item taxing books, 12i cents a
pound, an exemption of those im
ported for public libraries, colleges,
schools, philosophical societies, dec. ;
to put the duty on all paper at 90
per cent of the existing duties as a
substite for the paragraph taxing
seized printing paper 28 per cent
Mr. Butler, of Mass., offered a rcso
lution for final adjournment from the
3d of Jane to the last Thursday in
November next, in order to keep in
force the act authorizing tuc suspen
sion of the habeas corpus. The
House refused to order the previous
question, and adopted as a substitute
a resolution for adjournment sin aie,
Monday, the 3d or June, at 12 o'clock.
Mat 17. In the Senate, the HouBe
resolution for final adjournment June
3 was referred to the Committee on
Finance. A bill passed providing
for holding a United States District
Court at Toledo. The conference
report on the West Point appropri
ation bill was concurred in. The
habeas corpus suspension bill -was
discussed for a time, and then set for
final disposition on Tuesday next.
The river and harbor bill was report
ed. Among the amendments was
one increasing the appropriation for
Black River Harbor, O., from 810,
000 to $20,000, and one increasing
that for Calumet Harbor, 111., from
$30,000 to 840,000. The army ap
propriation bill was discussed till ad
journment la tne House, tne tanii
bill was considered in committee.
The duty on all printing paper was
nnt at 20 oer cent, ad valorem. The
following rates were fixed ; Vermuth,
40 per cent ad valorem; mn9tard,
ground, in bulk, 10 cents a pound,
and in tin or glass, 14 cents ; mustard
seeds, free ; currants, 1 cent a pound ;
fiffs. 24 cents a pound ; raisins, 2i
cents a poand ; on copper in ores, 2
cents a pound, if fine copper ; on all
regains, or blcck, or coarse copper, 3
cents ; on old copper, 3 J cents ; in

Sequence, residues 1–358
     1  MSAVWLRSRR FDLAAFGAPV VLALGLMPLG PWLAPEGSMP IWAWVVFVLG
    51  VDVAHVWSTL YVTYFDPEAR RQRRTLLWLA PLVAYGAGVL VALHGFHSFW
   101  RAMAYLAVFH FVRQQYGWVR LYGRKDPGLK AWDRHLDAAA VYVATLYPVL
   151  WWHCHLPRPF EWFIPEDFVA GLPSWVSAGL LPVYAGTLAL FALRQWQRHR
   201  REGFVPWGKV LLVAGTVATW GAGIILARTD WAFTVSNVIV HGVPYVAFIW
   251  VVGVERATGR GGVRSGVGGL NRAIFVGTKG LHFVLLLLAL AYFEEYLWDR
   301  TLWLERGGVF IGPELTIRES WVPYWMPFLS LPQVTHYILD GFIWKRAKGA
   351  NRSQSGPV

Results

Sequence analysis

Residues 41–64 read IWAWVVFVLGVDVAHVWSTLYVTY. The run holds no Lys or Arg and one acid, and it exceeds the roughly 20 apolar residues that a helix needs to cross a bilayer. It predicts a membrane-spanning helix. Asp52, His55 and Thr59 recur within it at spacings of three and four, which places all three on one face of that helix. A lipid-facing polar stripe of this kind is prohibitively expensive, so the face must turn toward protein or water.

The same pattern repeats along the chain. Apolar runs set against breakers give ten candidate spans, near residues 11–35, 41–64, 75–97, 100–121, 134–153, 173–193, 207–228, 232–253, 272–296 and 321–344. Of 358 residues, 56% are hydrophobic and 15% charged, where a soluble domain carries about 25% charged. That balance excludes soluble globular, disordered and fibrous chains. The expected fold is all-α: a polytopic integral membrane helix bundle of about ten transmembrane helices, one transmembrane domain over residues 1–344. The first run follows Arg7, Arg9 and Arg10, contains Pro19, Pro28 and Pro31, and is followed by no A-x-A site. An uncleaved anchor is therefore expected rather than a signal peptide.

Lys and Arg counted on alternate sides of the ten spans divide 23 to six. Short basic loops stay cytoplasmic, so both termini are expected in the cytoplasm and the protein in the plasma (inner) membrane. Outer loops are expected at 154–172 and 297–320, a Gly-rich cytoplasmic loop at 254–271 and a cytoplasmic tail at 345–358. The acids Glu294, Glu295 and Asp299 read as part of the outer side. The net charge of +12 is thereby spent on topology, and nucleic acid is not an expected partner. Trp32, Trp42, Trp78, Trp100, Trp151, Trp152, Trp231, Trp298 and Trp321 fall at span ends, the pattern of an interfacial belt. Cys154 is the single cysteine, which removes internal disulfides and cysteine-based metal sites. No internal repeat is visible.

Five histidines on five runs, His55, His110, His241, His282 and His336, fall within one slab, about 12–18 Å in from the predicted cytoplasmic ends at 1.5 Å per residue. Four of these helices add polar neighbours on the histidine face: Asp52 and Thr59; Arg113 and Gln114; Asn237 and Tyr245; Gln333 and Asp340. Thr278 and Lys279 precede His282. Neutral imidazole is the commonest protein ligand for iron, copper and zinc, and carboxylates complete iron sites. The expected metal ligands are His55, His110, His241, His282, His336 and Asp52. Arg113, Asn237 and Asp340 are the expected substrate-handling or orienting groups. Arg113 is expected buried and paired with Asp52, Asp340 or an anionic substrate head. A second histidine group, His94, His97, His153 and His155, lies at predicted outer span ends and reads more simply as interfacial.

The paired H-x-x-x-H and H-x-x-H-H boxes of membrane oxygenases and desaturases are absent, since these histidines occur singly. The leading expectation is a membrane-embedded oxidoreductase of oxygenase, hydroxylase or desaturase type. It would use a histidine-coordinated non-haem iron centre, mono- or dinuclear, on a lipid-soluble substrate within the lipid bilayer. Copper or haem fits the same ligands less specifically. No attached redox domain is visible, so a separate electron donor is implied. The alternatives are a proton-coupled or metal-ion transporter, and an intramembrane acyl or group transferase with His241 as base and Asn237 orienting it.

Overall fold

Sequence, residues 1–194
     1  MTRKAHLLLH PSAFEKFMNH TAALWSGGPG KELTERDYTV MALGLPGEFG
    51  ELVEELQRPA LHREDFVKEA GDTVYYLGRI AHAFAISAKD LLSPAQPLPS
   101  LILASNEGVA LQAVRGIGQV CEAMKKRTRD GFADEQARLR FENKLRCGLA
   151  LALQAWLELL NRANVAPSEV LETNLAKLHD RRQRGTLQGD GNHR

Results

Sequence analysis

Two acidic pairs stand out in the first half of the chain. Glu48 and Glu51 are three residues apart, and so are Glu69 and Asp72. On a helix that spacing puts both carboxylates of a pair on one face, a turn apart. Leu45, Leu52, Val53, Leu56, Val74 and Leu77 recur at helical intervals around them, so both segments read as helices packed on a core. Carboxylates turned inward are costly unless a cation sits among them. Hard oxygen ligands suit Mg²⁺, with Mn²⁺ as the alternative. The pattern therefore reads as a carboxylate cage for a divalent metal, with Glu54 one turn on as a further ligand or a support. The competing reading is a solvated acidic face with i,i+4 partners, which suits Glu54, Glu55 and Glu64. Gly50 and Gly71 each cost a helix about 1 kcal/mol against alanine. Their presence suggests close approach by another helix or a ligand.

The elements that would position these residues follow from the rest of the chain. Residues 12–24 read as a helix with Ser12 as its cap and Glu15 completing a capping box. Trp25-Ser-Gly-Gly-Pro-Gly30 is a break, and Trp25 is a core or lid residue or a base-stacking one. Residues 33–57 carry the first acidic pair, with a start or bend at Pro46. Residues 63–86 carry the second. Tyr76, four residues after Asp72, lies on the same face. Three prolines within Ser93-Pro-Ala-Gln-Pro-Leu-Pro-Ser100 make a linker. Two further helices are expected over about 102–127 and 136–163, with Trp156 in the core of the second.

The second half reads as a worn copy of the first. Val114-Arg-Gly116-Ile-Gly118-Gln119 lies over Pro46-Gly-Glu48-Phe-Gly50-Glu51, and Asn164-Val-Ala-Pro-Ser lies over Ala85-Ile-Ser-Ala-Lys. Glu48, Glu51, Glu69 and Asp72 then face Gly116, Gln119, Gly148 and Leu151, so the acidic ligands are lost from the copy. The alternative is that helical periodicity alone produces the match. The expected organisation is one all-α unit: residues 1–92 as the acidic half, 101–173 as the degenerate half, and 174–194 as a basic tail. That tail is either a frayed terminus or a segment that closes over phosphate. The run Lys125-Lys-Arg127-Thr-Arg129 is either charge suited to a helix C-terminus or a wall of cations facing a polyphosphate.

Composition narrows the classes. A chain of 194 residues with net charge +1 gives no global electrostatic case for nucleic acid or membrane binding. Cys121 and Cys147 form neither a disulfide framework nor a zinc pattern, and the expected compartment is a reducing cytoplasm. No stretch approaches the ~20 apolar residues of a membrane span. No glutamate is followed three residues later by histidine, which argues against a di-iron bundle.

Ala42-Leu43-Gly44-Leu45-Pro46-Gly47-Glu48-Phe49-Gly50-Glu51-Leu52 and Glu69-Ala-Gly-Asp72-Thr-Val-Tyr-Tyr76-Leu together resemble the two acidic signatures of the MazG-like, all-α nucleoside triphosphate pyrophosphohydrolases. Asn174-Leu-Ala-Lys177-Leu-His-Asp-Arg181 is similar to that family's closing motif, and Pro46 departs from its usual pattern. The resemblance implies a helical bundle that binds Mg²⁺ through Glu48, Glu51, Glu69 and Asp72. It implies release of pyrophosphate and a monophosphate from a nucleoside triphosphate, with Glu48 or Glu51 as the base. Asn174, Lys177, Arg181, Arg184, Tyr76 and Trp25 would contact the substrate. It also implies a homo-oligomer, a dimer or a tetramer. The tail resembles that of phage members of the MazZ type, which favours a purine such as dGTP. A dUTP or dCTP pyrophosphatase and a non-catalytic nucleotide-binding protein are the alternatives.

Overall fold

plates, bars, &c, 4 cents ; on copper
in rolled plates, &c , and on all man
ufactures of copper, 40 per cent, ad
valorem. On emery ore, 86 per toe,
and on emery grains, 2 cents a pound.
Oa preserved or condensed milk, 35
per cent ad valorem. On plate glass,
90 per cent of the existing dulie.
On tin, in sheets or plates, 15 per
cent, ad valorem. Oa wood screws,
two inches or over in length, 4 cents
pound; less than two inches, C
cents, and less than three quarters
of an inch. 9 cents. An amendment
was pa sad by a vote of 92 to 03, au
thorizlng one third of the customs
duties to be vail in legal tender
notes. The following articles wen
adiled to the free list : Cocos, quick
silver, books in foreign languages,
jute butts, tropical and semi tropical
plants, saltpeter, gncpowuer, jate
extracts of bsrfcs for tanning, quinine,
licDiice, emery ore, seeds ol forest
trees. Perishable fruits were struck
out of the list Toe section allowing
the free importation of ship materials
was extended to steamboats. The
committee, having finihhed the tariff
part of the bil', rose, and the House
Mat 19 la the Senate, a bill
A resolution was adopted asking the
House to return tne Senate resolution
to adjourn Mty 29. The army ap
prcpria'.ion bill was pissed. An
amendment was a iopted providing
that the government pay no royalty
for the U3e of arms patented by one
its citizens. Adopted. In the
House, the CDufcrecce report on the
West Point appropriation bill was
agreed to. A bill passed appropri
ating 1349,391 to pay the claims of